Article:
While many of the moorland birds, such as dunlin, golden plover and curlews have now left the hills, there is still plenty of diversity to be found around Dove Stone at the moment - and there are a number of new species for the site being discovered. Before we leave the birds, as we collate the breeding bird figures it is good to see that 43 pairs of dunlin were recorded out on the bog. This is up from 39 pairs last year. They are a difficult species to survey, and small changes are as likely to be within the parameters of chance, but still, positive to see, and an indicator of further habitat improvement. This is especially true of areas where heather bales have been dug in by the volunteer team that have been so effective in keeping the bog wetter. Back now to the wider wildlife update.....
Miriam reported on a fine colony of mining bees along the main trial earlier in the week, and Ken, local naturalist, following up the report, found a rarer bee, Epeolus cruciger, a klepto-parasitic species (ie, like the skuas with kittiwakes, it nicks the mining bees hard-earned food). Meanwhile, down at Ashway Gap, below the picnic area, a yellow-bellied bee caught the eye as something different - it turned out to be a leaf-cutter bee, with the excellent name Megachile centuncularis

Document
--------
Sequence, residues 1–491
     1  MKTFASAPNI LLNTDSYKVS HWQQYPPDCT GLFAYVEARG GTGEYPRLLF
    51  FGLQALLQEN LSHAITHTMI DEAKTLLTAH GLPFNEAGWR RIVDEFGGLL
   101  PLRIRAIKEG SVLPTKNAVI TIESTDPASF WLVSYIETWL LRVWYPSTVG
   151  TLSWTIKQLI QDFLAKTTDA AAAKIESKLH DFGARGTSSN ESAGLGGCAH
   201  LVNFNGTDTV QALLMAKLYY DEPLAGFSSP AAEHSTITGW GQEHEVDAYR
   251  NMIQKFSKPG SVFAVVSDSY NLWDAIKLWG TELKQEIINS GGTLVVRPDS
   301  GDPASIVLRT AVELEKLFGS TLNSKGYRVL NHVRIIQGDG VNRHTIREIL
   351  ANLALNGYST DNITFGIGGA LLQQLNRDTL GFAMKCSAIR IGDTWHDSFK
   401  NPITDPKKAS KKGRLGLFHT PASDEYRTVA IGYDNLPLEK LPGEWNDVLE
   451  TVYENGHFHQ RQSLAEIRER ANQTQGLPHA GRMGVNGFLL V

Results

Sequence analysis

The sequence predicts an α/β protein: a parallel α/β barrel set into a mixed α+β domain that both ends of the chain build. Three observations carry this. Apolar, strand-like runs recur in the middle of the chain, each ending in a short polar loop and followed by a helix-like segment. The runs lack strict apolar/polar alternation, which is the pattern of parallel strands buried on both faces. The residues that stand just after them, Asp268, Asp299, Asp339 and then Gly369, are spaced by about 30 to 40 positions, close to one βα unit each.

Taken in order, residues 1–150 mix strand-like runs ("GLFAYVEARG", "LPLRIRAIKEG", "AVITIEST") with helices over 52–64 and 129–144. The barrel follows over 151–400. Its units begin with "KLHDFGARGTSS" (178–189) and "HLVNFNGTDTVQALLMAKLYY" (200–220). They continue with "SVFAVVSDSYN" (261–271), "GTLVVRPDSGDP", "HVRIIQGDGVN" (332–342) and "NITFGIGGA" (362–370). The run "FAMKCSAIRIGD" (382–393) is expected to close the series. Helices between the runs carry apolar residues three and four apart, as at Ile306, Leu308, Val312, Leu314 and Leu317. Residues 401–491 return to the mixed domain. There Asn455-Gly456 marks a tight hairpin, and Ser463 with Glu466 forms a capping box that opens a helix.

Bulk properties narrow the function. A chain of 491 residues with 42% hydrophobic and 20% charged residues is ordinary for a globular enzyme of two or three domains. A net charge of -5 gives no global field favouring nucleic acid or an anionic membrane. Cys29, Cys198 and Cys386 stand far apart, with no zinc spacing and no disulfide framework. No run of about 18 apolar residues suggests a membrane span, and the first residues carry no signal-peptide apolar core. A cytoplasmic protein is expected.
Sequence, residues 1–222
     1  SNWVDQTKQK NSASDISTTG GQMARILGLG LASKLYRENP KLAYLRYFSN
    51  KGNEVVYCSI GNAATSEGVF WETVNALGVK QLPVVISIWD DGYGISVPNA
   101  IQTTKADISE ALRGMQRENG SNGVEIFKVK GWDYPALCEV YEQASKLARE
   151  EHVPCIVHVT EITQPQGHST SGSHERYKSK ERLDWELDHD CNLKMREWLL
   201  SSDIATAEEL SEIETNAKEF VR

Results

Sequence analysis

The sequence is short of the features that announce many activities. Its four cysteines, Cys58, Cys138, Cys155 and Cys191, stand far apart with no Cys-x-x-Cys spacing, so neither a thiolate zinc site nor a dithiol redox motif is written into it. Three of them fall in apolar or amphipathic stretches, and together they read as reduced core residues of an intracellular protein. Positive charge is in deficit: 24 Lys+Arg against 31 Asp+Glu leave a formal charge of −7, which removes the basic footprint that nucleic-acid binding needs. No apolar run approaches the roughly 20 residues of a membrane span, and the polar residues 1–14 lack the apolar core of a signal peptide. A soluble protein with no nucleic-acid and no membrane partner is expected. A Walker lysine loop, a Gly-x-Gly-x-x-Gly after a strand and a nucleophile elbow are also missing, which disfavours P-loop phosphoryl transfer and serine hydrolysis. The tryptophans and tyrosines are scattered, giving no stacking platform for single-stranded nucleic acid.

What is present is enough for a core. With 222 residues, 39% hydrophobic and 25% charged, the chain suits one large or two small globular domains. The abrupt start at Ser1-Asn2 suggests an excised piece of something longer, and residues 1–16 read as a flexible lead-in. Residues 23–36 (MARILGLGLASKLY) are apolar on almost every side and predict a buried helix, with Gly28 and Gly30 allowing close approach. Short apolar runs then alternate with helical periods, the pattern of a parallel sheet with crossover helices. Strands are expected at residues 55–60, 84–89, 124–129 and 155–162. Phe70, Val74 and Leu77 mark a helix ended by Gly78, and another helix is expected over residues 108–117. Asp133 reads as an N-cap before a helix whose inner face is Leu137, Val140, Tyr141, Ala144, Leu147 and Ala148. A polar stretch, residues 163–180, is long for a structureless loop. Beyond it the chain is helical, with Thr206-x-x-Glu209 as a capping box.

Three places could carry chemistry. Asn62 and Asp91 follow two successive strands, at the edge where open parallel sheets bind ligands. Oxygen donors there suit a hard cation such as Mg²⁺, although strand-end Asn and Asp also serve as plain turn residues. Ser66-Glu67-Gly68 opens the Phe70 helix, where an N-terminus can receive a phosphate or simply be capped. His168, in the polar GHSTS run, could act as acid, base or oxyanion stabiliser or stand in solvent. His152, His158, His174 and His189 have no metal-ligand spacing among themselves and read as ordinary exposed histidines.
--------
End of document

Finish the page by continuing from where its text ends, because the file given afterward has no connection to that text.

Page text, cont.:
Further afield on the Dove Stone site local volunteer Adrian found a real gem - Dark Green Fritillary - it was patrolling flower-rich rush pasture, rich in the caterpillar foodplant marsh violet - we hope this is a breeding colonization - there were further sighting over a week or so
As is often the case with wildlife, when you look for one thing, you find something else too - in this case a new healthy patch of sundew, and a longhorn beetle new to the area, Agapanthia villosovirdescens - apparently this species of longhorn beetle is spreading north in the Peak District - it lays its eggs in thistle stem.
Finally, we ran a moth trap at Binn Green last night with James along as moth epxert, and nice to see two of John's regular walk attendees joining us, Alison and Brian. Although the weather wasn't quite as good as the forecast, and slight drizzle turned to rain, it didn't put off the Antler Moths - at least 40 were counted, but I am sure there were many more - everywhere you looked... an Antler Moth. Among other species were two Orange Swifts, and as we packed up, James found a Beautiful Yellow Underwing - both new species for us.
A Beautiful Yellow Underwing pictured, a very dark individual, and tiny compared to its commoner Large Yellow Underwing cousins, of which there were a good few.
So, as the humid weather continues, worth watching out for moths, bees and other insect life. Reports for Dove Stone sightings gratefully received. Next thing to watch out for is a late summer butterfly boom...
With thanks to many local volunteers
While walking along the main path round Dove Stone the other day we came across hundreds of small bees flying in and out of little holes in the bank.